Tacoomah visited Anansi.
Anansi had one hundred eggs in a nest, and greedy Tacoomah ate ninety-nine of Anansi's eggs.
Then Anansi said, "I'll count my eggs!"
"You don't need to," said Tacoomah. "I'll count them for you."
"Hold each egg up high so I can see it," said Anansi.
Tacoomah went out to the nest and lifted up one egg so that Anansi could see it. "One!" Tacoomah said.
Then Tacoomah lowered the egg into the nest and lifted the same egg up again. "Two!" he said.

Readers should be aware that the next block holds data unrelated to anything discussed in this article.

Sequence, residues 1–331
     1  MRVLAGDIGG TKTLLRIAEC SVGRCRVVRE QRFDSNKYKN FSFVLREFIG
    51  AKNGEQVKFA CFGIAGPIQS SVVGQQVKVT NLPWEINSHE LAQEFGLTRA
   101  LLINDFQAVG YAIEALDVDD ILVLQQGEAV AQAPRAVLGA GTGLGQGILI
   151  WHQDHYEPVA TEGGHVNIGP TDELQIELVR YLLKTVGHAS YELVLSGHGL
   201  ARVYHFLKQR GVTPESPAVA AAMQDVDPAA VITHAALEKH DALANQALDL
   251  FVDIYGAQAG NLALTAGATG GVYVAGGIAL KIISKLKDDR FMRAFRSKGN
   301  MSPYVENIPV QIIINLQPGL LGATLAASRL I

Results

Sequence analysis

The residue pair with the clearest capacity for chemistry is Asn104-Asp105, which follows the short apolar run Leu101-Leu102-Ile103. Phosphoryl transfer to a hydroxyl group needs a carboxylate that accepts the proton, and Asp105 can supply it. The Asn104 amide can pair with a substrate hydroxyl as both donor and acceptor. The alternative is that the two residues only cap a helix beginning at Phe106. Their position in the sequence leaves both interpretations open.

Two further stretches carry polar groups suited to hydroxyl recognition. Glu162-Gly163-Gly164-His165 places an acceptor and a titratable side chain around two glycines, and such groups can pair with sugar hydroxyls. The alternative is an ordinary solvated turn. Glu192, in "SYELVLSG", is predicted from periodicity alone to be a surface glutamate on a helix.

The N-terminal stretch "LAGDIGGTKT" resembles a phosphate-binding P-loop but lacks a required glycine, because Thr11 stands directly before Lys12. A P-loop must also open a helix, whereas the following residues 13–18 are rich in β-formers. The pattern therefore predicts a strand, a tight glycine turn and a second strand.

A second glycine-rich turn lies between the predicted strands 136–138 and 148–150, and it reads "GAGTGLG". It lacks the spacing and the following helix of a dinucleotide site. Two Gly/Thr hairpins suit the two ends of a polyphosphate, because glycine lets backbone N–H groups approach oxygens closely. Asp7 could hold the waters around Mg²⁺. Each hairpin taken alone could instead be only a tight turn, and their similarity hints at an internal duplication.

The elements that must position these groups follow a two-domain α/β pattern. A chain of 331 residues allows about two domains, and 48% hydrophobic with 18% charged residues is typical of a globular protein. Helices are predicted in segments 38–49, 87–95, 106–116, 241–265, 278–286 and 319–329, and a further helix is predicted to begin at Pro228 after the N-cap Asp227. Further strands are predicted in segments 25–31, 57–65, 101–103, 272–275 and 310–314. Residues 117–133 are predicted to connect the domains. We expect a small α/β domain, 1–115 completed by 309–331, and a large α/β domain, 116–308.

So Tacoomah did that one hundred times... but there was only one egg.
Inspired by: Folklore from Contemporary Jamaicans by Daryl C. Dance
Notes: This is story 12B in the book. In Dance's story, Tacuma steals the eggs and when Anansi realizes what has happened, he chases after Tacuma in a boat, with the motif that Anansi is shouting, but Tacuma restates what Anansi is shouting to fool the rowers; see Anansi and the Fish-Children's Canoe.